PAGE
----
17. The apparatus in accordance with claim 12 in which said hood is connected to said window frame and collapses to its folded position in response to folding said window frame.
18. The apparatus in accordance with claim 17 in which said seats include folding means for folding the upright positions of said seats from a first erected position to a folded position.
19. The apparatus in accordance with claim 18 in which said roll bar is movable from an erected position to a folded position and simultaneously lowers said chassis over said wheels.
20. The apparatus in accordance with claim 19 in which said window frame has a steering wheel attached thereto and is foldable therewith.

The present invention relates to a collapsible or foldable vehicle which can be transported in its own container on the back of a motor home, yacht, or the like, or which may be simply stored or shipped in a container.

In recent years there has been a great increase in the number of motor homes and campers on the highways, as well as yachts moving from place to place through the intracoastal waterway, lakes and oceans. These motor homes and yachts make temporary or permanent homes for the owners who can travel from city to city and state to state without living in motel rooms and driving small vehicles. Many of the motor homes and yachts have the same conveniences as a permanent home. One of the problems encountered by the occupants of motor homes is local transportation around the city once the motor home has reached its destination. The motor homes are generally too large for use around town and are expensive to use in this manner because of their large consumption of fuel. In addition, once the motor home is attached to electrical and gas hookups it must be unhooked and reconnected each time it is used for local errands. This problem is partly solved by the owners being able to rent cars in most cities, but rented cars are expensive and are generally not readily available at the motor home campsites. Many motor home owners attach bicycles or small motorbikes to the front or back of their motor homes for making short local trips when they reach their destination. In addition, motor homes sometimes carry a small boat on top or trailer a boat or small automobile.

The present invention advantageously overcomes many of the disadvantages in motor home travel by providing a small automobile which is collapsible into a compact shape, which can fit into its own container when collapsed, and which is easily transported on the back of a motor home. The vehicle can be rapidly removed from the motor home and opened for local transportation. In addition, the collapsible vehicle is ideally suited for transportation on yachts, trucks or for shipping between locations. In case of a yacht or even a motor home the container for the folded vehicle can be in the form of a small boat which can be utilized at campsites.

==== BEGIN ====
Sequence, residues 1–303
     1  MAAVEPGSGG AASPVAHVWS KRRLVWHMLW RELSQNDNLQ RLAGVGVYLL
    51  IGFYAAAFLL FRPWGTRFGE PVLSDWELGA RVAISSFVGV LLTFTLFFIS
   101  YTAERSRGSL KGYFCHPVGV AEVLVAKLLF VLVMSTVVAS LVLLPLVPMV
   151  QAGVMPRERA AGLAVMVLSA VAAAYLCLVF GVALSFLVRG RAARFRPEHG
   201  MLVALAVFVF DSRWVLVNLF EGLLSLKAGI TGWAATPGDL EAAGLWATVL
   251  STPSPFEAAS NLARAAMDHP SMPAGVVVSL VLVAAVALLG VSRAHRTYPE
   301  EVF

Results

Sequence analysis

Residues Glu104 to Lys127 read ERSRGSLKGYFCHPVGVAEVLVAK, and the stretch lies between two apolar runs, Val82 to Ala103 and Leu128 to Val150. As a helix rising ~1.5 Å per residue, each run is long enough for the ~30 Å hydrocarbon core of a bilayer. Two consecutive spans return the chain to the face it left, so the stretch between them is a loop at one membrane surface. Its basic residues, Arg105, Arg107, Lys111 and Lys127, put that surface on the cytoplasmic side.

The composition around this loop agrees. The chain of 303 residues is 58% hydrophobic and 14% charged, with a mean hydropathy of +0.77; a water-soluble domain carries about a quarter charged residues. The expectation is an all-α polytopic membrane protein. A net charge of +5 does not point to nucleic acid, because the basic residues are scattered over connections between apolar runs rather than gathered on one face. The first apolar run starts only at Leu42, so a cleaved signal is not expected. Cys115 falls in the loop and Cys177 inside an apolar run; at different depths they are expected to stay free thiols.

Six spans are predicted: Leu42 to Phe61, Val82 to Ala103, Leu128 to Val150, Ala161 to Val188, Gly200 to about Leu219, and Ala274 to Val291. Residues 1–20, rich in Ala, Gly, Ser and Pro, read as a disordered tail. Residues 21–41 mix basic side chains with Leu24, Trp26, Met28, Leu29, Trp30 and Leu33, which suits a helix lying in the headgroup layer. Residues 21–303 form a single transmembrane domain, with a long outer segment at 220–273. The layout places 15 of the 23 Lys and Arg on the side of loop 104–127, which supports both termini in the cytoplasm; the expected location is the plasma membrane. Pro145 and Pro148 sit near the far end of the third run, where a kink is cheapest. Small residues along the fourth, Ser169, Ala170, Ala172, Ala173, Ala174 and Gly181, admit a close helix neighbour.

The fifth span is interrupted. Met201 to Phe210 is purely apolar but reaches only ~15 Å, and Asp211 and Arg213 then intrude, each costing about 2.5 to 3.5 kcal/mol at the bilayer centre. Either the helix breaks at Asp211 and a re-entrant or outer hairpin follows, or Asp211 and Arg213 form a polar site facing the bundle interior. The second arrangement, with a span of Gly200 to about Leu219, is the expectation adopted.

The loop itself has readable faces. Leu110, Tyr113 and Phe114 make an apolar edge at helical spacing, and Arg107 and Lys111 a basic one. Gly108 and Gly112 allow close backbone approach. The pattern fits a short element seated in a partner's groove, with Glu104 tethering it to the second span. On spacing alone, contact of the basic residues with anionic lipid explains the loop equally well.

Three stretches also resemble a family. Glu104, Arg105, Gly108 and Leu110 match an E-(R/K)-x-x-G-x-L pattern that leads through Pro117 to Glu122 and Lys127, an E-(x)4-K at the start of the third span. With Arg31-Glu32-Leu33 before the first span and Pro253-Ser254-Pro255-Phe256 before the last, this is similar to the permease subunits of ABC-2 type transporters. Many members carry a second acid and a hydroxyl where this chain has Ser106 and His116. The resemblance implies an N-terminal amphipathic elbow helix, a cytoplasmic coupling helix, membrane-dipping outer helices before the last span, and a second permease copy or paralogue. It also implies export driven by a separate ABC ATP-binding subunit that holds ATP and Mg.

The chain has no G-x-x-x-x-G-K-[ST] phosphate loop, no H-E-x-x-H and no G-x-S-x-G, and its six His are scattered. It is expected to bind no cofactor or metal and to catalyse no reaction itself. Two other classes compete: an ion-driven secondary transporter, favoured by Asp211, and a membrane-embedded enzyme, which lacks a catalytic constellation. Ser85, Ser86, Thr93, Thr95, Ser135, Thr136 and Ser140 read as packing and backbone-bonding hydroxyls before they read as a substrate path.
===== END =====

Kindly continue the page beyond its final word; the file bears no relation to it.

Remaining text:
The present invention relates to a foldable vehicle which can be transported in its own container on the back of a motor home, yacht, or the like, and includes a chassis having a plurality of wheels attached thereto and a pair of foldable seats. The wheels may be raised relative to the chassis from an operative position to a collapsed position and may be locked in the operative position when the vehicle is being used. The vehicle has a foldable roll bar which forms a pair of levers which actuates the raising of the wheels through a toggle mechanism and which also incorporates the vehicle suspension therein. In addition, the hood, the steering column, steering wheel, and seats can be folded to complete the collapsing of the vehicle. A container for storing and transporting the collapsed vehicle may be attached to the back of a motor home, yacht, or the like, which container has one side which can be folded down for putting the vehicle into and out of the container and includes a lifting mechanism attached to a motor home and to the container to lift the container from ground level to a position adjacent the motor home. Latching brackets are provided for locking the folded vehicle in the container.


Other objects, features and advantages of the present invention will be apparent from the written description and the drawings in which:

FIG. 1 is a perspective view of a vehicle in accordance with the present invention in its operative or unfolded position.

FIG. 2 is a perspective view of a vehicle in FIG. 1 in its folded or collapsed position;

FIG. 3a is a perspective view of the container attached to the back of a motor home with the vehicle of FIGS. 1 and 2 being positioned therein;

FIG. 3b is a perspective view of a folded vehicle in the container;

FIG. 3c is a perspective view of the container having the folded vehicle herein positioned on the motor home for transportation and storage;

FIG. 4 is a side elevation view of the chassis of the vehicle with the folding components attached thereto in their erected position;

FIG. 4a is a sectional view of a steering mechanism;